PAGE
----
Range Rover Sport looks the part, now it should feel the part as well

Range Rover Sport looks the part, now it should feel the part as well

Range Rovers Sport confuses many potential buyers in the 4WD and SUV fields. Almost all ‘sport’ models from other marques are simply tarted up variants of standard models, whereas the Rangie Sport is a model in its own right. It’s smaller than the regular Range Rover and until now has been based more on the Land Rover Discovery than the full-sized Range Rover.

Which for a while led to the ridiculous situation that the current Sport is heavier than its big brother, the recently introduced full-size Range Rover. That’s because the big Rangie had been run through a serious weight reduction program.

Details have just been announced that the next Range Rover Sport, which won’t be seen in Australia till late 2013, has gone on the same slimming-down process.

All-New Range Rover Sport
Believe it or not, some half a tonne has been pulled out of the new Sport. Which won’t exactly make it a slim young thing – it’s now more heavyweight boxer than sumo wrestler.

Using the ‘matched-luggage’ approached that’s common in upmarket marques the new Range Rover Sports sits neatly in appearance between the big Range Rover and the small Evoque.

The new Sport is just 62 mm longer than its predecessor, but has a significantly longer wheelbase, up by 178 mm, to provide extra room and improved access for passengers in the rear. Once they are back there the passengers will appreciate the additional 55 mm of width.

Range Rover Sport has a steeper windscreen angle and lower sloping roofline to improve aerodynamics and, with a Cd of 0.34, it does well for a relatively bulky 4WD.

All-New Range Rover Sport
New Sport’s interior has design cues that are instantly recognisable as being Range Rover, with neat design and top quality materials. It has a higher centre console, configurable mood lighting and what Range Rover describes as a sporting seating position similar to the Evoque.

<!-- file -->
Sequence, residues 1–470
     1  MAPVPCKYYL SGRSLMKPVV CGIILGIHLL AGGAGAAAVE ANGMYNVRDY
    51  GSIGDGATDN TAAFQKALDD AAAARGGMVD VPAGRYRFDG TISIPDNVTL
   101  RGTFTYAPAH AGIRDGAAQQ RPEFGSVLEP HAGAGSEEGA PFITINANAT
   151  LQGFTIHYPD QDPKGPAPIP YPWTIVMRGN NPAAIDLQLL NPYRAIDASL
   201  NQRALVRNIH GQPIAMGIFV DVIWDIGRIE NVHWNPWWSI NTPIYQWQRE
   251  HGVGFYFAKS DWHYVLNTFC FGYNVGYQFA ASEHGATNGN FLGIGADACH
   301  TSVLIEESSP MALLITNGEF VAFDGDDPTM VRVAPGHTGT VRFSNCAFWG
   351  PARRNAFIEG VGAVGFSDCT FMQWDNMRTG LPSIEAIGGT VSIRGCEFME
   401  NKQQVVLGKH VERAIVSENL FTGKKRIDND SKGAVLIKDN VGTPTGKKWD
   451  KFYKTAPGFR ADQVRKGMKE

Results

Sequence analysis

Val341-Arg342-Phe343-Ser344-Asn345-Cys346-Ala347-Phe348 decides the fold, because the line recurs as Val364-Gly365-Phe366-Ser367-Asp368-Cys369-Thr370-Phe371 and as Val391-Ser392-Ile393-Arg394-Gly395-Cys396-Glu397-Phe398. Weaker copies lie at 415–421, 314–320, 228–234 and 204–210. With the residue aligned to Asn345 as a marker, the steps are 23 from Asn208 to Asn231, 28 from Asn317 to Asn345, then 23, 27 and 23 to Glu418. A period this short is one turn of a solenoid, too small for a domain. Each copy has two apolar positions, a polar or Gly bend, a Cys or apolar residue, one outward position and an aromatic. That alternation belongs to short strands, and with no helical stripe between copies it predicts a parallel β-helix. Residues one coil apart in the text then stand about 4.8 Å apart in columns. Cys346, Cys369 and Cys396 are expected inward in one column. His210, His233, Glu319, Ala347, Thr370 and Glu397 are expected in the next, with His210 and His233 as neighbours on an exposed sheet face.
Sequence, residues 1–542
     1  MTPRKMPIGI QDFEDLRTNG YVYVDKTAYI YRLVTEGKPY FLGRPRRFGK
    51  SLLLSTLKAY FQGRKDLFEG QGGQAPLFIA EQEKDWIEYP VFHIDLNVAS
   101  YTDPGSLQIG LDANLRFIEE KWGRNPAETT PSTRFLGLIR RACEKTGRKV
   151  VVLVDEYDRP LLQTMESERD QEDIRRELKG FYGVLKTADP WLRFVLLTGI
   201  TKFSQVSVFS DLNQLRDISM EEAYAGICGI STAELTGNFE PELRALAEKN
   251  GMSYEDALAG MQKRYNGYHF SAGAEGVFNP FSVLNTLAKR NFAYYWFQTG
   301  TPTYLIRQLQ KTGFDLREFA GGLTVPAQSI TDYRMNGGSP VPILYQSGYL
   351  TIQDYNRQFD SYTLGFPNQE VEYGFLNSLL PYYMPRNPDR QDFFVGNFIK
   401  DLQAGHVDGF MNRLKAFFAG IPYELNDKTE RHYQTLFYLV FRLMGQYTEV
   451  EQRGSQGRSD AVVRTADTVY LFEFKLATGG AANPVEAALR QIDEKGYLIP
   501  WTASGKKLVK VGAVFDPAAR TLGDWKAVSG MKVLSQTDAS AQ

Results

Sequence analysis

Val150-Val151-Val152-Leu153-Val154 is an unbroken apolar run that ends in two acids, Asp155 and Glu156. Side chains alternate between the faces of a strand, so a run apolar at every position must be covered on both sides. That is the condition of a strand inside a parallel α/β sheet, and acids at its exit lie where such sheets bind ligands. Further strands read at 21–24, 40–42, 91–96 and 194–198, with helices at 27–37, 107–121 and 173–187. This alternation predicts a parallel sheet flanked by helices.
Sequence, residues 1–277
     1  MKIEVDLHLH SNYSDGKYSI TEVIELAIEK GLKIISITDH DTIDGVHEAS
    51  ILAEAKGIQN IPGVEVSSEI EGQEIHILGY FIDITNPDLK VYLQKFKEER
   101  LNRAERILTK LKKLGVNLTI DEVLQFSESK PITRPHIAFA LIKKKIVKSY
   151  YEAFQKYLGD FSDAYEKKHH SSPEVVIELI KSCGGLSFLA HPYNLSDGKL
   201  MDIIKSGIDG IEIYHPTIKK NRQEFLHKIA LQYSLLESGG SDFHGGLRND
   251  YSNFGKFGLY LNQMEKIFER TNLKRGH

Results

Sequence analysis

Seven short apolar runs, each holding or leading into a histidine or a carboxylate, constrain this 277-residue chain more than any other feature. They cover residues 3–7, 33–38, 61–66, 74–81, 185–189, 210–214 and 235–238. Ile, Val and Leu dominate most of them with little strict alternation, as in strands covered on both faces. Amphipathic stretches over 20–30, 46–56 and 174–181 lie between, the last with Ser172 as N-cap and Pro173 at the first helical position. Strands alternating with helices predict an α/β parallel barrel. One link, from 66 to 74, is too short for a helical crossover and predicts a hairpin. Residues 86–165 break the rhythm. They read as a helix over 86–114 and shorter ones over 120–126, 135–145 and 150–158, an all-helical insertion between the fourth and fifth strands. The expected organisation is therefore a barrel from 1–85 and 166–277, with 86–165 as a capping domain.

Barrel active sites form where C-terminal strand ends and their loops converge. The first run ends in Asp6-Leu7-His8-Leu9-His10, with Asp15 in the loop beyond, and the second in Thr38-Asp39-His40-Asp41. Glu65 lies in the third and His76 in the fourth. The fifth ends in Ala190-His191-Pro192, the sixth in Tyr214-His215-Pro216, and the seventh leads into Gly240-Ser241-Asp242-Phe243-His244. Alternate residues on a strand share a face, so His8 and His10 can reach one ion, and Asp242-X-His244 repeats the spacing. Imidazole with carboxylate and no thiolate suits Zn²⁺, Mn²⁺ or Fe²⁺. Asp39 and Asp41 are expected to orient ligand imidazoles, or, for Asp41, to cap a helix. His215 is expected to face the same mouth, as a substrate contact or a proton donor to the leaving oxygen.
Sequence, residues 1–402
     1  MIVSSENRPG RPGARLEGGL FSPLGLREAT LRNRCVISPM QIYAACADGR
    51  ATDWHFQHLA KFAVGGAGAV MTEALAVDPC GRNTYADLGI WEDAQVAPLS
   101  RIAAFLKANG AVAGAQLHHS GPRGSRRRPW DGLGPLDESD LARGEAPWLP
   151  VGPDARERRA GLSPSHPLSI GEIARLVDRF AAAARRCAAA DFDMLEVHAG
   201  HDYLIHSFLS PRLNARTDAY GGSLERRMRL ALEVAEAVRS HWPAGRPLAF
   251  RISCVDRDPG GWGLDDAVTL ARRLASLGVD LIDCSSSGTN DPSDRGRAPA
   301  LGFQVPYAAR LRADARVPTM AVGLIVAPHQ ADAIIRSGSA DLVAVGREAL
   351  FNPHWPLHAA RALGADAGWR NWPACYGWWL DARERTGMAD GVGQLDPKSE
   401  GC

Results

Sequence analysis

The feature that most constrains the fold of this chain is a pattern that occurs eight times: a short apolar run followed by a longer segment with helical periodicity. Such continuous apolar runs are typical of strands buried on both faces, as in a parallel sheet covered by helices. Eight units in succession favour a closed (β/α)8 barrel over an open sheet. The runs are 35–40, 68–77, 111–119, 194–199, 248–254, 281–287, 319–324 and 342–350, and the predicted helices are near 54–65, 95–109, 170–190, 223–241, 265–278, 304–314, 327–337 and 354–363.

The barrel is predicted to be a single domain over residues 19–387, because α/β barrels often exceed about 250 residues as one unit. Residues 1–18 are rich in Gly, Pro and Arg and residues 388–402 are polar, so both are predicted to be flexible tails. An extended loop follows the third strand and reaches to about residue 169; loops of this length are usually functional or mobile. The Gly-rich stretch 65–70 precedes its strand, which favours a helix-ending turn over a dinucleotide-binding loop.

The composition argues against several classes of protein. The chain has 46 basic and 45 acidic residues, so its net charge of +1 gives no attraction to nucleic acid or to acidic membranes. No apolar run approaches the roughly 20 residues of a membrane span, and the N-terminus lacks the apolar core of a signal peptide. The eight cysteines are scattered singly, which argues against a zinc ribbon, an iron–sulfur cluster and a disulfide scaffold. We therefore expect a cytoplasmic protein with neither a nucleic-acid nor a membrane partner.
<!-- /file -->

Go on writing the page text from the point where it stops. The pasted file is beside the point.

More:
A new, optional colour Head-Up Display presents key vehicle and navigation data.

Driver assistance systems include Lane Departure Warning, Traffic Sign Recognition and Automatic High Beam Assist.

While it was developed alongside the Range Rover the all-new Sport has 75 per cent of its components that are unique to it.

All-new Range Rover Sport will have a choice of four engines: two supercharged petrol units (5.0-litre 375 kW V8 and the new 3.0-litre 250 kW V6) and two diesel engines (3.0-litre 190 kW TDV6 and 215 kW SDV6).

Early in 2014 a high performance 4.4-litre 250 kW SDV8 diesel version. A high-efficiency diesel Hybrid model will also arrive in 2014.

All petrol and diesel engines in the new Range Rover Sport are mated to a heavy-duty ZF 8HP70 eight-speed automatic transmission.

Interestingly, the weight reduction measures on the new Range Rover Sport mean a smaller, lighter power plant, such as a four-cylinder engine, is a possibility.
Though most will be only ever be driven on-road, Range Rover tells us it hasn’t let the Sport’s all-terrain ability slip. Wheel-travel is class-leading and provides exceptional wheel articulation of 546 mm. Maximum ground clearance is increased to 285 mm (up by 58 mm) and the revised air suspension system automatically varies between two ride heights. The new generation Terrain Response 2 system automatically selects the most suitable program for the conditions.

A choice of two full-time 4WD systems will be offered. One provides a two-speed transfer case with a low-range option, for the most demanding off-road conditions with a front-rear 50/50 percent default torque split, and 100 percent locking capability. The other system has a single-speed transfer case with a Torsen differential, which automatically distributes torque to the axle with most grip.

We really look forward to testing the all-new Range Rover Sport, both on-road and off, when it reaches us downunder late this year. We will get back to you with our detailed impressions immediately afterwards.

The 2014 Range Rover Sport range is:
SE TDV6 190kW 3.0-litre diesel: $102,800
SE SDV6 215kW 3.0-litre diesel: $113,600
HSE SDV6 215kW 3.0-litre diesel: $125,800
Autobiography SDV6 215kW 3.0-litre diesel: $145,500
HSE V6 Supercharged 250kW 3.0-litre petrol: $123,100
HSE Dynamic V8 Supercharged 375kW 5.0-litre petrol: $161,600
HSE Autobiography Dynamic V8 Supercharged 375kW 5.0-litre petrol HSE: $182,400

About Ewan Kennedy

Ewan Kennedy, a long-time car enthusiast, was Technical Research Librarian with the NRMA from 1970 until 1985. He worked part-time as a freelance motoring journalist from 1977 until 1985, when he took a full-time position as Technical Editor with Modern Motor magazine. Late in 1987 he left to set up a full-time business as a freelance motoring journalist. Ewan is an associate member of the Society of Automotive Engineers - International. An economy driving expert, he set the Guinness World Record for the greatest distance travelled in a standard road vehicle on a single fuel fill. He lists his hobbies as stage acting, travelling, boating and reading.
Bookmark the permalink.

Leave a Reply

Your email address will not be published. Required fields are marked *